World_Heritage_Logo_global png (Small)Turkey
Denizli Province
N37 55 26.004 E29 7 23.988
Date of Inscription: 1988
Criteria: (iii)(iv)(vii)
Property : 1,077 ha
Ref: 485


Deriving from springs in a cliff almost 200 m high overlooking the plain, calcite-laden waters have created at Pamukkale (Cotton Palace) an unreal landscape, made up of mineral forests, petrified waterfalls and a series of terraced basins. At the end of the 2nd century B.C. the dynasty of the Attalids, the kings of Pergamon, established the thermal spa of Hierapolis. The ruins of the baths, temples and other Greek monuments can be seen at the site.

Outstanding Universal Value
Brief synthesis
Deriving from springs in a cliff almost 200 m high overlooking the plain of Cürüksu in south-west Turkey, calcite-laden waters have created an unreal landscape, made up of mineral forests, petrified waterfalls and a series of terraced basins given the name of Pamukkale (Cotton Palace). Located in the province of Denizli, this extraordinary landscape was a focus of interest for visitors to the nearby Hellenistic spa town of Hierapolis, founded by the Attalid kings of Pergamom at the end of the 2nd century B.C., at the site of an ancient cult. Its hot springs were also used for scouring and drying wool. Ceded to Rome in 133 B.C., Hierapolis flourished, reaching its peak of importance in the 2nd and 3rd centuries A.D., having been destroyed by an earthquake in 60 A.D. and rebuilt. Remains of the Greco-Roman period include baths, temple ruins, a monumental arch, a nymphaeum, a necropolis and a theatre. Following the acceptance of Christianity by the emperor Constantine and his establishment of Constantinople as the ‘new Rome’ in 330 A.D., the town was made a bishopric. As the place of St. Philip’s martyrdom in 80 A.D., commemerated by his Martyrium building in the 5th century, Hierapolis with its several churches became an important religious center for the Eastern Roman Empire.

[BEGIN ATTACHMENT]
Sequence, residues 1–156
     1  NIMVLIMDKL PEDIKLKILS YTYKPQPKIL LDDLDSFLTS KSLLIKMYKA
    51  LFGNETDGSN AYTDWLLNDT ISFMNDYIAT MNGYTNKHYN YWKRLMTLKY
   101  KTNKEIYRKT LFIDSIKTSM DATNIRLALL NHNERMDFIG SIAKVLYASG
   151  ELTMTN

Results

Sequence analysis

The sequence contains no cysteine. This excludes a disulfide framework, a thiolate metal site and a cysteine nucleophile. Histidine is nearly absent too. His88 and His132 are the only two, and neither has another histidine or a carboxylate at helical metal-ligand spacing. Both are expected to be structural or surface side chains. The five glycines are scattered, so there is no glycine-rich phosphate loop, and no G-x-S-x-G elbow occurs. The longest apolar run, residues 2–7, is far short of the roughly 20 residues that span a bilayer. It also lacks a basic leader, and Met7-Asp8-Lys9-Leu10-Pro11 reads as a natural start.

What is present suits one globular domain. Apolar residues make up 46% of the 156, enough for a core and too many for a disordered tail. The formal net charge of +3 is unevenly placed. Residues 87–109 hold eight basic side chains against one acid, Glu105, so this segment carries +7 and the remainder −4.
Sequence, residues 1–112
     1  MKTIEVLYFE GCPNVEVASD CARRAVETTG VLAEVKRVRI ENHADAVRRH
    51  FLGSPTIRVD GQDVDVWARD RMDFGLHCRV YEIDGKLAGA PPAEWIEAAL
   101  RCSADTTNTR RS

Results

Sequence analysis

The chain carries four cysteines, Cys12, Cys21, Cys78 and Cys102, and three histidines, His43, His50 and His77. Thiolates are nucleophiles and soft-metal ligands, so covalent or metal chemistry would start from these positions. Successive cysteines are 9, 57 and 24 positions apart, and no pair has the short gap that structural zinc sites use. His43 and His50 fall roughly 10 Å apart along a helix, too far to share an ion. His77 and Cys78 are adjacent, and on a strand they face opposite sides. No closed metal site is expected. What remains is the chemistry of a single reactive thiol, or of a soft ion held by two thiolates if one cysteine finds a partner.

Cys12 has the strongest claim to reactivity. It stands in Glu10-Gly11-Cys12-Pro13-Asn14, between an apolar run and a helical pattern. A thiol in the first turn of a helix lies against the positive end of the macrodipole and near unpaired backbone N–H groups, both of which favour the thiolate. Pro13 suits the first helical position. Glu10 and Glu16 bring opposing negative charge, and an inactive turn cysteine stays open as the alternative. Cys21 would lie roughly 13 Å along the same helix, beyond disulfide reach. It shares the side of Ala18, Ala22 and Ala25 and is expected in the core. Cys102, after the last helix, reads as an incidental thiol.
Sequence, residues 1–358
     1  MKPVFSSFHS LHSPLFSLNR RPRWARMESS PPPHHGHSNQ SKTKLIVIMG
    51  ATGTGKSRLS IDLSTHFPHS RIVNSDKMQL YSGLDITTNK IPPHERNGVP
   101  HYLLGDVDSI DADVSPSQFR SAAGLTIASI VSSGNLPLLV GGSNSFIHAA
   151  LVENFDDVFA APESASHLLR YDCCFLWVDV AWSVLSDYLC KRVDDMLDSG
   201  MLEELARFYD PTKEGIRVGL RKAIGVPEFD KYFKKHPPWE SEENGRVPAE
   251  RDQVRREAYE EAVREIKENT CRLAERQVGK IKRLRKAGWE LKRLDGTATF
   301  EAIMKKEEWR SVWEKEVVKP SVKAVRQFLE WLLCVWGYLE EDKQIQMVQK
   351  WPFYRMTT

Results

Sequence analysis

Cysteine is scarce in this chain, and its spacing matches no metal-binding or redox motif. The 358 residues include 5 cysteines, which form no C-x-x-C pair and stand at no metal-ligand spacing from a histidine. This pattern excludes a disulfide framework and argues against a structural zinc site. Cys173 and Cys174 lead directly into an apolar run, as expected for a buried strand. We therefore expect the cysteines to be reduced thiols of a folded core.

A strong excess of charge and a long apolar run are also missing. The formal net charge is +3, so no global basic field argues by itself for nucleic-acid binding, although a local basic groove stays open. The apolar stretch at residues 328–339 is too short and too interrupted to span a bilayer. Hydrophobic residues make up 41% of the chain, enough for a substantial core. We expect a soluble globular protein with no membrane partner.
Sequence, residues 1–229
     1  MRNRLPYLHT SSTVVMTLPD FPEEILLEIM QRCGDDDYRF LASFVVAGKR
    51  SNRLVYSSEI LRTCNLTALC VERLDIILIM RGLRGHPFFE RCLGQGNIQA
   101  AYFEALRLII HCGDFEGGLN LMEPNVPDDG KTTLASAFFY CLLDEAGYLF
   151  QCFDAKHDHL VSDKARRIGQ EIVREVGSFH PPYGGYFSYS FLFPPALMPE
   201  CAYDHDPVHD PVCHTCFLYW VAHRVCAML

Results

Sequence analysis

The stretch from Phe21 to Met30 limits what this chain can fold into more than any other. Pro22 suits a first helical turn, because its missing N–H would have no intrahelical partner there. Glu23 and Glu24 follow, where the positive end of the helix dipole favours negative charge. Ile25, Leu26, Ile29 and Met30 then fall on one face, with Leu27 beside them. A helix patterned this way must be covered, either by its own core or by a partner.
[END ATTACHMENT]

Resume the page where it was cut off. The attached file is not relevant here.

traverten-1000-500The combination of striking natural formations and the development of a complex system of canals, bringing the thermal water to nearby villages and fields, is exceptional. The springs are the source of a hydraulic system extending 70 km northwest to Alasehir and westwards along the valley of the Menderes River. Pamukkale forms an important backdrop to the original Greco-Roman town of Hierapolis and the cultural landscape which dominates the area.
Criterion (iii): Hierapolis is an exceptional example of a Greco-Roman thermal installation established on an extraordinary natural site. The therapeutic virtues of the waters were exploited at the various thermal installations, which included immense hot basins and pools for swimming. Hydrotherapy was accompanied by religious practices, which developed in relation to local cults. The Temple of Apollo, which includes several Chtonian divinities, was erected on a geological fault from which noxious vapours escaped. The theatre, which dates from the time of Severus, is decorated with an admirable frieze depicting a ritual procession and a sacrifice to the Ephesian Artemis. The necropolis, which extends over 2 kilometres, affords a vast panorama of the funerary practices of the Greco-Roman era.